When Should I Call My Doctor?

If you see blood in your urine, book an appointment with a urologist, an M.D. who specializes in the urinary tract. A urologist will be able to do more advanced screening tests if it turns out you don’t have an infection or any other reason for those blood cells.

Even if you have bladder cancer, it will most likely be the non-invasive kind. Remember, when tumors are caught at the earliest stage, the five-year survival rate (meaning the number of people who are alive five years after their diagnosis) is 96%. So the odds are definitely in your favor.

But relying solely on your primary provider may delay your diagnosis. A study published in the Urologic Oncology found that primary-care providers only referred their patients with visible blood to urologists about three-fourths of the time—and only 36% of primary docs referred people microscopic levels to a specialist. And your chances of seeing a urologist go way down if you’re a woman. In another study of patients with hematuria, 47% of the men and only 28% of women were referred to a urologist.

One reason: Men have higher rates of bladder cancer (up to four times as many cases as women), so primary care doctors tend to misdiagnose women with UTIs more often, treating them with antibiotics for months rather than sending them to a specialist. When women are finally diagnosed with bladder cancer, the cases are more advanced. And unlike many other cancers, women die more often than men.

The same is true for people of color, male or female. White men are twice as likely to have bladder cancer than African-American men, but African Americans have worse outcomes because their tumors tend to be more aggressive and are caught later, probably because of lower access to health care, cancer treatment centers, and lack of good health insurance. African-American women have the highest odds of dying of all.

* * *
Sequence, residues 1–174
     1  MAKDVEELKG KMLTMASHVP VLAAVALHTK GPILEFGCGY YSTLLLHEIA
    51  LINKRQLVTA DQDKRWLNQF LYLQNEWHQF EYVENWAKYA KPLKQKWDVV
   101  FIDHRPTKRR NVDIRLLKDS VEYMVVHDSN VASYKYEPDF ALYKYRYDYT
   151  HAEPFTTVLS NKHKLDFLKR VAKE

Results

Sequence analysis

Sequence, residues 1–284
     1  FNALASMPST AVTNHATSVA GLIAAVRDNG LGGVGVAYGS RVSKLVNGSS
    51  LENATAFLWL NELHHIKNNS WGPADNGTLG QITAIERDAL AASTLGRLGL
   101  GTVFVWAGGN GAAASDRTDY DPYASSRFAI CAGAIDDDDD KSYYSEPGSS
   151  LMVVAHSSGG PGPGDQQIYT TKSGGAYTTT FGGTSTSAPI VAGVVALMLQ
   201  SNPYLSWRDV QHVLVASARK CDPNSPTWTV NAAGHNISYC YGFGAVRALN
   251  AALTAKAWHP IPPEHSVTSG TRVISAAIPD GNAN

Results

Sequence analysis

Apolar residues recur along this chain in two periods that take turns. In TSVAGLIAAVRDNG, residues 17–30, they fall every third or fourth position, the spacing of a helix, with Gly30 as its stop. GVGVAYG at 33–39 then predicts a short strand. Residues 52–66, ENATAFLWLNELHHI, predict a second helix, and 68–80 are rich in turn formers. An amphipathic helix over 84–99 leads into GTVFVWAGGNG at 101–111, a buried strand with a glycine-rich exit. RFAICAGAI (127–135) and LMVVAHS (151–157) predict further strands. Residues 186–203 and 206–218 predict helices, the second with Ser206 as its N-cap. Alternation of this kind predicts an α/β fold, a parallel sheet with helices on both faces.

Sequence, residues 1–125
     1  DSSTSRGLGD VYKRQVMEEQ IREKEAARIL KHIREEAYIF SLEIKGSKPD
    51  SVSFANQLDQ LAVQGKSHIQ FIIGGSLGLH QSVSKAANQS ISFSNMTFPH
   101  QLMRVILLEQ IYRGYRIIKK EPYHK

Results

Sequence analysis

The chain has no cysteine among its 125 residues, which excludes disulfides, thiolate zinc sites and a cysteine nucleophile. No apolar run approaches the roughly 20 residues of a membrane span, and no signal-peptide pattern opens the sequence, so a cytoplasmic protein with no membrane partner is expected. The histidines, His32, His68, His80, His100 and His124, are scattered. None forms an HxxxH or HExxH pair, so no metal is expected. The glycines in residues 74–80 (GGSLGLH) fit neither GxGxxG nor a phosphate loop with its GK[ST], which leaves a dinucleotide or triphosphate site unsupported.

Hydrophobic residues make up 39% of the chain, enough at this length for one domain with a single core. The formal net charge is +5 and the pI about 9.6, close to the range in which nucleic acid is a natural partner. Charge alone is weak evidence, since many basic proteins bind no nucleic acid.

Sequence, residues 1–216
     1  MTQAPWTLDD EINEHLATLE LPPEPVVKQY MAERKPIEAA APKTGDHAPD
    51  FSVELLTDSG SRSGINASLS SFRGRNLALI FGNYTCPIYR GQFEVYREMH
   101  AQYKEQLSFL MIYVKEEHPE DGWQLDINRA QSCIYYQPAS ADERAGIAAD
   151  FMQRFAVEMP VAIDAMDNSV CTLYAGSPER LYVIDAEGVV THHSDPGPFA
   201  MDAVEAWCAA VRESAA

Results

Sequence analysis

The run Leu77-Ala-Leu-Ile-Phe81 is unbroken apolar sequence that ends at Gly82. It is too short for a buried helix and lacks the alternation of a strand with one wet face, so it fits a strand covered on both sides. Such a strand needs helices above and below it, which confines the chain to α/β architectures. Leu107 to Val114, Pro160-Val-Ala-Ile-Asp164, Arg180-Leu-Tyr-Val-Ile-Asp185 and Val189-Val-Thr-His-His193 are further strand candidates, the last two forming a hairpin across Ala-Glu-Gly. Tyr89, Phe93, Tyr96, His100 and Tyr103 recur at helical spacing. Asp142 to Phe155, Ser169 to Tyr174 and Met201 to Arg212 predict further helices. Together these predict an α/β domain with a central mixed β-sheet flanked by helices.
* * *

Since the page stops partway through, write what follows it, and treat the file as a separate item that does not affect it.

The moral of this story? If you have blood in your urine and no infection, be proactive and ask for the referral yourself.

What to Expect at the Urologist's Office

There are several ways doctors diagnose bladder cancer. First, the urologist will ask questions to find out if you’ve had chronic UTIs or blood in the urine before as well as do a physical exam to rule out an enlarged prostate, say, or even check for tumors. If necessary, the next steps will be a urine test, imaging, and a biopsy.

Urine tests

  • Cytology. A doctor examines your urine to check for abnormal cells as well as bacterial or viral infections. Most of the time, a cytology can’t catch low-grade tumors, though it may be able to spot some malignant cells in more aggressive tumors. It also can’t tell the doctor where these cancer cells are located—they could be from a tumor in your kidney or urethra.

Imaging

  • Ultrasound or CT-scan. Your doctor wants to see your entire urinary tract, including the kidneys, in order to check for abnormal spots or masses. Many doctors schedule the scan first in case it picks up something suspicious. If so, you may have the biopsy tests done in the hospital.

Biopsy

  • Cystoscopy. This test is done in the doctor’s office under local anesthesia. The doctor puts a probe with a light and small camera through your urethra and into your bladder to look for tumors. It’s a mercifully short test, 10 minutes at most. If the urologist finds a superficial tumor that’s under one millimeter (the size of a pencil point), then he or she can burn it off on the spot, send it to pathology, and save you a trip to the OR. But most of the time, doctors remove the tumors in a hospital.

  • Transurethal resection of bladder tumor (TURBT). Some urologists want to look and biopsy at the same time, especially when imaging has picked up masses or tumors. For that, you’ll go to the hospital as an outpatient and be under anesthesia. The TURBT is similar to the cystoscopy probe, but it has an electric wire loop so the doctor can remove the tumors and then send them to the lab. Doctors will remove any tumors they find, regardless of whether they're benign or not, although an experienced urologist may be able to tell how aggressive a tumor is just by sight.

Just thinking you have bladder cancer is scary, but most of the time, there are other reasons behind your symptoms. And if you are one of the more than 80,000 cases that will be diagnosed this year, just know that there are many new treatments out there that can put you in remission and preserve your quality of life.

Linda Rodgers
Meet Our Writer
Linda Rodgers

Linda Rodgers is a former magazine and digital editor turned writer, focusing on health and wellness. She's written for Reader’s Digest, Working Mother, Bottom Line Health, and various other publications. When she's not writing about health, she writes about pets, education, and parenting.